An ultra-conservative Iranian cleric who opposes all dialogue with the West is a frontrunner to become the country’s next supreme spiritual leader. Ayatollah Mohammad Taghi Mesbah-Yazdi, 71, who publicly backs the use of suicide bombers against Israel, is campaigning to succeed Grand Ayatollah Ali Khameini, 67, as the head of the Islamic state. Considered an extremist even by fellow mullahs, he was a fringe figure in Iran’s theocracy until last year’s election of President Mahmoud Ahmadinejad, a fellow fundamentalist who views him as his ideological mentor.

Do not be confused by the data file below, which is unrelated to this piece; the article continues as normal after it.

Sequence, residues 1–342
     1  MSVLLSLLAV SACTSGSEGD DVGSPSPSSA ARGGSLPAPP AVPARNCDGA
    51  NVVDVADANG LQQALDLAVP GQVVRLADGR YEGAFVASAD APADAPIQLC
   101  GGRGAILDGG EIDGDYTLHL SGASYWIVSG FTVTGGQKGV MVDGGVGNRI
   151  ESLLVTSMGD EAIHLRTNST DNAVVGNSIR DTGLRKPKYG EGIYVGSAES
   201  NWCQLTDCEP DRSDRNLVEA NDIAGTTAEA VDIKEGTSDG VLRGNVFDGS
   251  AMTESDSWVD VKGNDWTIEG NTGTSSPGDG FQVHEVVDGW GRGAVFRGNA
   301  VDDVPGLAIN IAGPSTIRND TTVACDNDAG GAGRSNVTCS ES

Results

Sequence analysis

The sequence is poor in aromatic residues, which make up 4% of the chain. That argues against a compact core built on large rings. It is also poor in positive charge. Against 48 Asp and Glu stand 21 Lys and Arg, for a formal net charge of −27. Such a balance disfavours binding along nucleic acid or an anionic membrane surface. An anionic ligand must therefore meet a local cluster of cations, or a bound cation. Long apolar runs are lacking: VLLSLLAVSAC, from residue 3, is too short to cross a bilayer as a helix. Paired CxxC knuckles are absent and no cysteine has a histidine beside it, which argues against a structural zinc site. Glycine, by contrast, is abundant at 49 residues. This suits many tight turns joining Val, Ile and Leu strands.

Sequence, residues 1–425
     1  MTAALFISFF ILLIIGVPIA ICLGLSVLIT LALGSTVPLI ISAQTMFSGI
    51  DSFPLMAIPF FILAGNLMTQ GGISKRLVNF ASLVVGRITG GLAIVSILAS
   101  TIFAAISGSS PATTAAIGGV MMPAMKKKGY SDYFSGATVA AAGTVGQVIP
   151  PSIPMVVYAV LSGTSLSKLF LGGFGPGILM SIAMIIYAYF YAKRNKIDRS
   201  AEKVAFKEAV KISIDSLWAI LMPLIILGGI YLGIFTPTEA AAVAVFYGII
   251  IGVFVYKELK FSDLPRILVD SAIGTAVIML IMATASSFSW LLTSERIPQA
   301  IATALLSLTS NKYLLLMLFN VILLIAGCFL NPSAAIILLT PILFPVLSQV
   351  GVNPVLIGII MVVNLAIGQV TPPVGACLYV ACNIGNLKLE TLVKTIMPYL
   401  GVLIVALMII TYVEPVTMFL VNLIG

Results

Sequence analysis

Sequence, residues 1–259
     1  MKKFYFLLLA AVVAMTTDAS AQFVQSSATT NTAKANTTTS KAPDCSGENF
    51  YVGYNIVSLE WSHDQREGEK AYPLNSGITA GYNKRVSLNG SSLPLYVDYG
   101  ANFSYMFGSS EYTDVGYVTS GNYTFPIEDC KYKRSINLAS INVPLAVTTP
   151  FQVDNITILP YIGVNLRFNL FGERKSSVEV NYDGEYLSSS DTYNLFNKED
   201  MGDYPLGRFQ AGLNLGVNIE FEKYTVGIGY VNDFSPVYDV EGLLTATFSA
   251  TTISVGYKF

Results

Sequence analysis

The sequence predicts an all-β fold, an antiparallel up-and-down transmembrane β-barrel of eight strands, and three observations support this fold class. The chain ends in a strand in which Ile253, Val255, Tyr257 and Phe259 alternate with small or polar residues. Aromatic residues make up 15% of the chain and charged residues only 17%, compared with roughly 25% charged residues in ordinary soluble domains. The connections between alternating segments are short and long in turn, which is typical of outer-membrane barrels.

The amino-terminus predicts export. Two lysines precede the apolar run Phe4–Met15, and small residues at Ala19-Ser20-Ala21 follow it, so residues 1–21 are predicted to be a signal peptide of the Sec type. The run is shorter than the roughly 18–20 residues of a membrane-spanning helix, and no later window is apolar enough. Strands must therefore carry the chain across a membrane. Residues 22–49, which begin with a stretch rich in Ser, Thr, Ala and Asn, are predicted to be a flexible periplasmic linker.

Mesbah-Yazdi and his supporters will stand in elections next month for the Assembly of Experts, an 86-strong group of theologians responsible for nominating a replacement for Ayatollah Khamenei, who is rumored to be ailing. The Guardian Council, a hardline conservative body that vets candidates, is accused of vetoing reform-minded clerics and banning around half of nearly 500 applicants. Ali Ansari, an Iran specialist at the Royal Institute of International Affairs, said that having Mesbah-Yazdi “in power would lead to a much more hard-line puritanical rule in Iran.”